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How Much Do You Know about Religion in the U.S.?

How Much Do You Know about Religion in the U.S.?

Jewish Christian and Muslim symbols in black against a light blue background

How much do you know about religion in the U.S.? The Pew Research Center interactive 15-question quiz tests your knowledge on the subject, asking questions about Christianity, Catholicism, Judaism, Islam, Hinduism, and Buddhism.

Though I just took it for the first time, the quiz isn’t particularly new. In fact, it was released in 2010 as part of Pew’s U.S. Religious Knowledge Survey results. The survey (conducted and analyzed separately from quiz scores) found that Jews, atheists, agnostics, and Mormons scored highest in their knowledge of U.S. religions. Those three groups answered, on average, 20 out of 32 questions correctly, with atheists/agnostics having a slight edge at an average of 20.9 correct responses. Pew says the three groups “[outperform] evangelical Protestants, mainline Protestants and Catholics on questions about the core teachings, history and leading figures of major world religions.”

I was pleased to find that answered 14 out of 15 questions correctly, scoring better than 97% of the general public – but considering that I work for a religious organization, that’s probably not a fair comparison. Your personal quiz results will also allow you to compare your religious knowledge with the overall population, with people of individual religious traditions, with people who attend worship services frequently or less often, and more.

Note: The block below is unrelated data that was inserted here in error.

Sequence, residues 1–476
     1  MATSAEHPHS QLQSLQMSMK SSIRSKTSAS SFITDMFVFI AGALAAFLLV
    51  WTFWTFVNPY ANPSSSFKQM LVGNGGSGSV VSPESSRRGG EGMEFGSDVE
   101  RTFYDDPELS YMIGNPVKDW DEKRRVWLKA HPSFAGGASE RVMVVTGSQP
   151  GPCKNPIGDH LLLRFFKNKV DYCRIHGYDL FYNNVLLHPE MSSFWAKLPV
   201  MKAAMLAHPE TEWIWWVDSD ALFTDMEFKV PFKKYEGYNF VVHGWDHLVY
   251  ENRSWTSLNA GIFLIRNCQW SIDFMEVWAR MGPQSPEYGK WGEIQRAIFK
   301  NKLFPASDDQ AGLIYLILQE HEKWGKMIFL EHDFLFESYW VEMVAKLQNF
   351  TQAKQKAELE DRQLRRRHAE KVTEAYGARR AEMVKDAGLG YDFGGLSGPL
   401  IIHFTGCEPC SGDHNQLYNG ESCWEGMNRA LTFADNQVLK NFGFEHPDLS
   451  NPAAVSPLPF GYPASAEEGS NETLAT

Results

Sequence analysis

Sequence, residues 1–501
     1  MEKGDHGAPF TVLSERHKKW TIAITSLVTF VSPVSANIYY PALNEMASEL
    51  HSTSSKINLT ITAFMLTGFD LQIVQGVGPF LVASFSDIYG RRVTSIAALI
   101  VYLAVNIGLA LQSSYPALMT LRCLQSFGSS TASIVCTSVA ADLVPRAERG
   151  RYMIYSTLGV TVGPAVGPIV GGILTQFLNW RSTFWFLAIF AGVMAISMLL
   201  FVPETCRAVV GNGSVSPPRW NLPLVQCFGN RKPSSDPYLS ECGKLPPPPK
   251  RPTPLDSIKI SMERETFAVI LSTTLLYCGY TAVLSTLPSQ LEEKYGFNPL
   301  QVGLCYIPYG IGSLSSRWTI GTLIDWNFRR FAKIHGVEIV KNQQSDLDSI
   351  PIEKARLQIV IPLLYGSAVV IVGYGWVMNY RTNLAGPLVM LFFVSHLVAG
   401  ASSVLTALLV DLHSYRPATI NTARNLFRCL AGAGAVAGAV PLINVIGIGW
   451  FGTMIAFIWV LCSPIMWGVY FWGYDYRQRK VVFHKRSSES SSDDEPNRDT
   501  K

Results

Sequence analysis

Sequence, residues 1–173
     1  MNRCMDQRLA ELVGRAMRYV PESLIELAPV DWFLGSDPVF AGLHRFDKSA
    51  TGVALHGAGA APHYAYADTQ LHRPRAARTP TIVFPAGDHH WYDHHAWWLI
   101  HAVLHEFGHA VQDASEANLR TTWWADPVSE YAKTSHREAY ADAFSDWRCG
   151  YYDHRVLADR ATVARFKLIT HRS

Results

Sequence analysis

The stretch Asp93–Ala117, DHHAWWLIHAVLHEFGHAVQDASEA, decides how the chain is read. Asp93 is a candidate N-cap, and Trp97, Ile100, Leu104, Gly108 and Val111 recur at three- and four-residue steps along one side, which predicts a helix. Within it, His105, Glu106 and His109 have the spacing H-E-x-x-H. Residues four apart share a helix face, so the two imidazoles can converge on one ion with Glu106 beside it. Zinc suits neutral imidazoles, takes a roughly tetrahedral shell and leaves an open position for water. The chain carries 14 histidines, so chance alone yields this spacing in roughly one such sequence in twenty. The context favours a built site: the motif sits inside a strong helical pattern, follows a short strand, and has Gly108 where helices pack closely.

After you’ve taken the quiz, comment here to let us know: How’d you do? Did you learn anything new?

Kate Bigam Kaput is the digital communications manager for the Union for Reform Judaism and, in this role, serves as a content manager and editor for ReformJudaism.org. A prolific essayist and lifestyle blogger, Kate's writing has been featured in The Washington PostEsquire, Woman's Day, Cleveland Magazine, HeyAlma.com, Jewish Women Archive, and more. Kate grew up at Temple Beth Shalom in Hudson, OH, holds a degree in magazine journalism from Kent State University, and currently lives in Cleveland with her husband, Mike.

Kate Bigam Kaput

Published: 6/12/2017

Categories: Jewish Life, Interfaith/Interreligious
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